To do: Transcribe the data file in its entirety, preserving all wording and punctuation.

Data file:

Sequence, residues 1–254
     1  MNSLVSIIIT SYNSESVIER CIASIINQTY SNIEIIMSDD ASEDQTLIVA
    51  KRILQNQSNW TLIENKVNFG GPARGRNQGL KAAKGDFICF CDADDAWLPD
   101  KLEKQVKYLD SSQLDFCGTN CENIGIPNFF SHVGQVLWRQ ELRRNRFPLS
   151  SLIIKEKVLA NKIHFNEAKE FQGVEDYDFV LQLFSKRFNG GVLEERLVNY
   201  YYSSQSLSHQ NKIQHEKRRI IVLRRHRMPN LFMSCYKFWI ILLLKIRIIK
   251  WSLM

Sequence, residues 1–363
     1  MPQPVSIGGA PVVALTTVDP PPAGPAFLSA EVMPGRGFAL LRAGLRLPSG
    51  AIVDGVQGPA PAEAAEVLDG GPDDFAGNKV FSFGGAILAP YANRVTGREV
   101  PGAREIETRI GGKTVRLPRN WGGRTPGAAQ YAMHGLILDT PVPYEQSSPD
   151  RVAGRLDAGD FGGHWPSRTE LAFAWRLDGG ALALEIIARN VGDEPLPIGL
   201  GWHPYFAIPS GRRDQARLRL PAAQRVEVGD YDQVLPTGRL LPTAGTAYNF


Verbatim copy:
Sequence, residues 1–254
     1  MNSLVSIIIT SYNSESVIER CIASIINQTY SNIEIIMSDD ASEDQTLIVA
    51  KRILQNQSNW TLIENKVNFG GPARGRNQGL KAAKGDFICF CDADDAWLPD
   101  KLEKQVKYLD SSQLDFCGTN CENIGIPNFF SHVGQVLWRQ ELRRNRFPLS
   151  SLIIKEKVLA NKIHFNEAKE FQGVEDYDFV LQLFSKRFNG GVLEERLVNY
   201  YYSSQSLSHQ NKIQHEKRRI IVLRRHRMPN LFMSCYKFWI ILLLKIRIIK
   251  WSLM

Sequence, residues 1–363
     1  MPQPVSIGGA PVVALTTVDP PPAGPAFLSA EVMPGRGFAL LRAGLRLPSG
    51  AIVDGVQGPA PAEAAEVLDG GPDDFAGNKV FSFGGAILAP YANRVTGREV
   101  PGAREIETRI GGKTVRLPRN WGGRTPGAAQ YAMHGLILDT PVPYEQSSPD
   151  RVAGRLDAGD FGGHWPSRTE LAFAWRLDGG ALALEIIARN VGDEPLPIGL
   201  GWHPYFAIPS GRRDQARLRL PAAQRVEVGD YDQVLPTGRL LPTAGTAYNF